Your homeowners policy will not cover damage to your home and belongings in the event of an earthquake. To be insured for earthquake losses, you’ll have to separately purchase an earthquake coverage endorsement—and in the Bay Area, this is expensive.

California law requires insurance companies to offer earthquake coverage whenever a consumer purchases a homeowners policy. Some companies offer coverage themselves; others offer it through the California Earthquake Authority (CEA), a privately financed, publicly managed agency that sells earthquake insurance through participating insurance companies.

To control costs, many homeowners buy policies with deductibles of 10 or 15 percent (with a 15 percent deductible, you’d pay $90,000 on the loss of a $600,000 home). Coverage limits for earthquake policies are also lower than for standard home policies; for example, most policies homeowners buy allow them to collect only up to $50,000 for personal property losses and only up to $25,000 for increased living expenses while a damaged home is being repaired. Renters and condo owners can face similar low limits for personal property and increased living expenses.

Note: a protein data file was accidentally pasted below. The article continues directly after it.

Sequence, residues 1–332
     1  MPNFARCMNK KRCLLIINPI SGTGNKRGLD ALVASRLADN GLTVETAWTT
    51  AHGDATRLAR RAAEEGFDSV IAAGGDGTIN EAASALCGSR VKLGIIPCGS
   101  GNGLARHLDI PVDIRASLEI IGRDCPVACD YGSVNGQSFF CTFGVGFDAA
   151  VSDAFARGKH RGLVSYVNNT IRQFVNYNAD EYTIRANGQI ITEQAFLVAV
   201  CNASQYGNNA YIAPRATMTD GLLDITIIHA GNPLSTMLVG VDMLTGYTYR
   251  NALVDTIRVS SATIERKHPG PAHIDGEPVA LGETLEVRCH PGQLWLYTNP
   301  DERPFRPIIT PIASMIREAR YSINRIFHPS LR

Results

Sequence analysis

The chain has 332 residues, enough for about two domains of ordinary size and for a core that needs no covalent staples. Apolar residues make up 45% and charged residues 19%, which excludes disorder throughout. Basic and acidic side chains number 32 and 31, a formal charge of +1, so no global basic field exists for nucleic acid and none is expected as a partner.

Insurance companies and the CEA now offer more coverage options and higher limits than they did a decade or so ago: You can now buy a policy with a deductible lower than 10 or 15 percent, and you can add higher limits for personal property. But making these types of improvements to most earthquake policies makes premiums even more unaffordable. And if you own a masonry home, earthquake coverage costs will be much higher—as much as three times higher than for a frame home.

Use the California Department of Insurance's excellent rate comparison tool to collect pricing for earthquake coverage for your home. The CEA also has a price-quoting tool for earthquake coverage offered by companies that participate with it.

Because earthquake coverage is so expensive, consider cost carefully when choosing a homeowners insurance company. As you can see from the costs reported by the CEA and the state insurance department, the company with the best rates on a basic homeowners policy may not be the lowest when you add the price for earthquake coverage.

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